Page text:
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MIP Class Online

An alcohol awareness program, which some may also call an "MIP class," is required for those placed on deferred disposition or convicted of Minor in Possession (MIP) in Texas. Recent modifications to the Alcoholic Beverage Code have clarified that the use of Texas Education Agency (TEA) / TDLR approved Drug and Alcohol Driving Awareness Programs (DADAP) are also acceptable for an MIP.

Although the law authorizes it, if you are interested in taking DADAP online for your MIP, we recommend that you contact the Texas court handling your case to verify your eligibility prior to registration.

Once you have confirmed with the court, click on the REGISTER NOW button to begin your course. It's that just easy!

DADAP can be taken on the web for many different reasons. Here are just a few:

  • Court Ordered – Alcohol / drug related offenses
  • Insurance Discount – Save money
  • Driver Ed Recertification – For Texas driver ed instructors
  • Fleet Training – General safety awareness program

Since it is state approved by the TEA and the TDLR, the online DADAP course is an acceptable option for courts to use when referring individuals to an alcohol awareness course for certain drug and alcohol related offenses such as Possession of Alcohol by a Minor (MIP) charges. If you have confirmed that DADAP is an acceptable option for your alcohol awareness program requirement, you can sign up for DADAP online on this website.

Texas law authorizes DADAP as an alternative to a traditional MIP class

The use of DADAP as a State approved alternative to an in-person MIP class or alcohol awareness class is authorized by two main sections of law. First, Section 106.115 of the Alcoholic Beverage Code states the following:

On the placement of a minor on deferred disposition for an offense under Section 49.02, Penal Code, or under Section 106.02, 106.025, 106.04, 106.041, 106.05, or 106.07, the court shall require the defendant to attend an alcohol awareness program approved by the Department of State Health Services under this section or a drug and alcohol driving awareness program approved by the Texas Education Agency.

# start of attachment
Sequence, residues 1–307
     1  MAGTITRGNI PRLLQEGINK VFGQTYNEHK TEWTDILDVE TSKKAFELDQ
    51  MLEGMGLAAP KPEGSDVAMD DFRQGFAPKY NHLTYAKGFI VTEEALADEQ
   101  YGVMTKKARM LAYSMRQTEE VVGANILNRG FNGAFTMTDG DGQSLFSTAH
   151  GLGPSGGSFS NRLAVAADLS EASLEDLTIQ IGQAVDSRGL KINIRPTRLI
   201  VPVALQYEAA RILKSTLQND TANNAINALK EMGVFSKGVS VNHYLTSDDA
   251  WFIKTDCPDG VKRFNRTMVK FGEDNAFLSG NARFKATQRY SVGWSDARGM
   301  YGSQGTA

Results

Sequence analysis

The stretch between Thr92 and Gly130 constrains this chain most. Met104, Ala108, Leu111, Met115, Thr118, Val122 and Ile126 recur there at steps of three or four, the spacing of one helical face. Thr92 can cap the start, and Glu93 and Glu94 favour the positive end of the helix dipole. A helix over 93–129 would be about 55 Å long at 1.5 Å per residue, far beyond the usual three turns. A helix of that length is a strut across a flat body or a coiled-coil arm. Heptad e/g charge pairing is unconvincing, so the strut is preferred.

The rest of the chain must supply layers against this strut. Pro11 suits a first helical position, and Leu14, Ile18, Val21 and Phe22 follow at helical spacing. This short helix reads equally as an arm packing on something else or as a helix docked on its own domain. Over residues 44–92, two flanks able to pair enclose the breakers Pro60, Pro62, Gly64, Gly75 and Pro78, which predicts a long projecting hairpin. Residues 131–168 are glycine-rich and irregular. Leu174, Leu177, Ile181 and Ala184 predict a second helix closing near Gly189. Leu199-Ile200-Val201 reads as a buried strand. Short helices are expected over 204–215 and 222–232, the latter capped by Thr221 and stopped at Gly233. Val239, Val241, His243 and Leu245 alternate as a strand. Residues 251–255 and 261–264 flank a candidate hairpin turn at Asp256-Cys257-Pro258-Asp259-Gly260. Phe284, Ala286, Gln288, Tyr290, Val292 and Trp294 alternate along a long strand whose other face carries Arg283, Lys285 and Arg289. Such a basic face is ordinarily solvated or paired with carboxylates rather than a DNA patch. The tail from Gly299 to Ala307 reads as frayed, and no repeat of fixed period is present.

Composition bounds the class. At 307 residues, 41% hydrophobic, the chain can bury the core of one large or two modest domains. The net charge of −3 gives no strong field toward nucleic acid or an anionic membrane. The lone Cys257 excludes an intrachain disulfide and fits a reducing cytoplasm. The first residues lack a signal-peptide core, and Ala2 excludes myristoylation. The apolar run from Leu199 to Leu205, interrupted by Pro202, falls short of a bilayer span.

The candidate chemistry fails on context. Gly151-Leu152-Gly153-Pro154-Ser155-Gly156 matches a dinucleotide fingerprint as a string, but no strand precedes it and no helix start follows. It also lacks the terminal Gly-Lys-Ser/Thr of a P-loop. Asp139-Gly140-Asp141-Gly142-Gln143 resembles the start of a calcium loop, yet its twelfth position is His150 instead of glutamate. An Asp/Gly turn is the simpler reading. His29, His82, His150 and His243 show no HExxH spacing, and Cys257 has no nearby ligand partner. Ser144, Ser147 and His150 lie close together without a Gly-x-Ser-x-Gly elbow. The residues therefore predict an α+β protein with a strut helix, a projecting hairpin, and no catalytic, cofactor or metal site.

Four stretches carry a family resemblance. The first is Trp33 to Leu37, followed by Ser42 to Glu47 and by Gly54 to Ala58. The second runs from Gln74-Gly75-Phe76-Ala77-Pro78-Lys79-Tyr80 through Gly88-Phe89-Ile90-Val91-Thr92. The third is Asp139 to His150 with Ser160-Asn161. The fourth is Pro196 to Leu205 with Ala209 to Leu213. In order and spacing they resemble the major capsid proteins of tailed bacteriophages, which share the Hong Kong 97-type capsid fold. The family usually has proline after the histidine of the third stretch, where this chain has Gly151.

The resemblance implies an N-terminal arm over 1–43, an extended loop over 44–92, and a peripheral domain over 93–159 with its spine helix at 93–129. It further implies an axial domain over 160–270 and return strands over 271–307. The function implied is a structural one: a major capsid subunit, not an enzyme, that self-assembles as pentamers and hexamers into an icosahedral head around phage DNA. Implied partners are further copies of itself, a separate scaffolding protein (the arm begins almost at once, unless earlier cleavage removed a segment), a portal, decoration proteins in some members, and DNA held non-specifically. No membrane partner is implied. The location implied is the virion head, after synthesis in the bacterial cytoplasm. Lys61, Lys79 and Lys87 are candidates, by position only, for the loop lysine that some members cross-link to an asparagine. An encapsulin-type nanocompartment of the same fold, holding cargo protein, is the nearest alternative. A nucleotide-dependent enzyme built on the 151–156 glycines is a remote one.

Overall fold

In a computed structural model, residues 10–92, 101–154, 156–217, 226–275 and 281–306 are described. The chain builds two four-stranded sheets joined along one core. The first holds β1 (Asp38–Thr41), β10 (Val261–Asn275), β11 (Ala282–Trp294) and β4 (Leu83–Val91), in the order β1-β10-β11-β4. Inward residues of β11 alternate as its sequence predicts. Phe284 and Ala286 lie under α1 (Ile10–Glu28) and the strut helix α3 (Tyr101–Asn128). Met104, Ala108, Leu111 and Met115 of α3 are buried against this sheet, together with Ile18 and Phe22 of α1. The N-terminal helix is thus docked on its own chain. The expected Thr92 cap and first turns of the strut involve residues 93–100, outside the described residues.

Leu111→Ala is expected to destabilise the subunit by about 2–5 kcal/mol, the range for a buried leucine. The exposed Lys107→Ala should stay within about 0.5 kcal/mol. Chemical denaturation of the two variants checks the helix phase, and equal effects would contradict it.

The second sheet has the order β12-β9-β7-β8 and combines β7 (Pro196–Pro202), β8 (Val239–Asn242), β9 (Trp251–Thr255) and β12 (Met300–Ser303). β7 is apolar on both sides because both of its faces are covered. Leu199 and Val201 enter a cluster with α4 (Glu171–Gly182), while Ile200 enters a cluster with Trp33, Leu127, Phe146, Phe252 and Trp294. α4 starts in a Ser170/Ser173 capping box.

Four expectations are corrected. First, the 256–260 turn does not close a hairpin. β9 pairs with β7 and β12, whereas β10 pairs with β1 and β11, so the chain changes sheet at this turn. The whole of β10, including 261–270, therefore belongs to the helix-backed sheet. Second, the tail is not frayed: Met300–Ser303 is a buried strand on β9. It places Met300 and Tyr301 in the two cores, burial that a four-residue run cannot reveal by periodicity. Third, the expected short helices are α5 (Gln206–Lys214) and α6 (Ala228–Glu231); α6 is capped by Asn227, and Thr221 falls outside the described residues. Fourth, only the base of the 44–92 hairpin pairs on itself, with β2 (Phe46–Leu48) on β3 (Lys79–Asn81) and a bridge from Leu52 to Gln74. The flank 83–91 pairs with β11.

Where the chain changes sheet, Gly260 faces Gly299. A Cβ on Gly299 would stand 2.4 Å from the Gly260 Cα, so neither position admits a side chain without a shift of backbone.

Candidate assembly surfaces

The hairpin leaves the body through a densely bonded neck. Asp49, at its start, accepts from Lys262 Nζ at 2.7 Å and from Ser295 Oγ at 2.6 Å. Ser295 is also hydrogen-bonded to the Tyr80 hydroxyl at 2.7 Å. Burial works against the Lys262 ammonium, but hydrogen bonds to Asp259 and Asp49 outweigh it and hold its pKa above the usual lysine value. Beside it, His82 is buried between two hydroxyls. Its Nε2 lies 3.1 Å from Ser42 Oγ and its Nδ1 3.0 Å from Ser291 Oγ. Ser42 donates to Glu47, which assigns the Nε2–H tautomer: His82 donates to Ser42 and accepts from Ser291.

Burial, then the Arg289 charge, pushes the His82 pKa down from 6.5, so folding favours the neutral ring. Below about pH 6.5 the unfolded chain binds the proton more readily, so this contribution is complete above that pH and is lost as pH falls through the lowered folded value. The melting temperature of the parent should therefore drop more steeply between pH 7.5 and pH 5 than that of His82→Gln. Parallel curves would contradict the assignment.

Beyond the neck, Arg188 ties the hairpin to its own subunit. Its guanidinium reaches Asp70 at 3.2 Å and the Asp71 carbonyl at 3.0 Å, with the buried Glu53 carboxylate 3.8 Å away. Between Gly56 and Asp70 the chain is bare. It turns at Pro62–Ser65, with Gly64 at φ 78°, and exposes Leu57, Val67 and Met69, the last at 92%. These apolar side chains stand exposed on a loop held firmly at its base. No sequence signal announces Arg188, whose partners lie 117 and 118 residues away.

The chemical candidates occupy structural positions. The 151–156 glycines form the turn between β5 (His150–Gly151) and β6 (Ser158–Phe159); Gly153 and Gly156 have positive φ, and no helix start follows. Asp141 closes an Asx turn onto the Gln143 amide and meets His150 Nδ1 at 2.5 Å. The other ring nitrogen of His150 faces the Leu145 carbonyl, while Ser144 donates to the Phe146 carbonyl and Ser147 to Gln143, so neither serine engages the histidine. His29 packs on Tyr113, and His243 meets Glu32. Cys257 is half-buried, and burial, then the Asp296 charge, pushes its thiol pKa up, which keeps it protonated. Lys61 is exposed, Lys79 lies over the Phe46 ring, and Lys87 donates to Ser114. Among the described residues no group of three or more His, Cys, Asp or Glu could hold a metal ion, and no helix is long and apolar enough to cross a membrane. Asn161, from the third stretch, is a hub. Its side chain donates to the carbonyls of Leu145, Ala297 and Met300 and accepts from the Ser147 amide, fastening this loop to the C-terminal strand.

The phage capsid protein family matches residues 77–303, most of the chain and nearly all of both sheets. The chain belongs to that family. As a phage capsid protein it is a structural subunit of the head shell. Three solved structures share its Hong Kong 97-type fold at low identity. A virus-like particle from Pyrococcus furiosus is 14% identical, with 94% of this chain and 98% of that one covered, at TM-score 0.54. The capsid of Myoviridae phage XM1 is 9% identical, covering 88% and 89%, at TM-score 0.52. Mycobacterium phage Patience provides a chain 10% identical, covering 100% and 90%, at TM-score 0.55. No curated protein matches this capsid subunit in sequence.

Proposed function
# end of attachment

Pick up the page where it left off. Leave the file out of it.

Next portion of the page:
On conviction of a minor of an offense under one or more of those sections, the court, in addition to assessing a fine as provided by those sections, shall require a defendant who has not been previously convicted of an offense under one of those sections to attend an [the] alcohol awareness program or a drug and alcohol driving awareness program described by this subsection.

This means that an approved DADAP course is an acceptable alternative to the classroom only Alcohol Awareness Program approved by the Department of State Health Services (a.k.a. Health Department or TCADA) for minor in possession violations or other offenses listed in that section of the law.

Also, Section 469.007 of the Texas Health & Safety Code reads in part, "In addition to using a drug court program established under Section 469.002, the commissioners court of a county or a court may use other drug awareness or drug and alcohol driving awareness programs to treat persons convicted of drug or alcohol related offenses." This language also gives a Texas judge or court the authority to accept the completion of a DADAP course for various alcohol and drug offenses. Since the TEA and TDLR have approved of an online format for DADAP, the course's 24 / 7 availability is of great benefit to courts since there are no issues with full classes or requiring long travel to find a class.

Judges and court officials may learn more about the legal authority for use of DADAP by clicking here.

What is DADAP?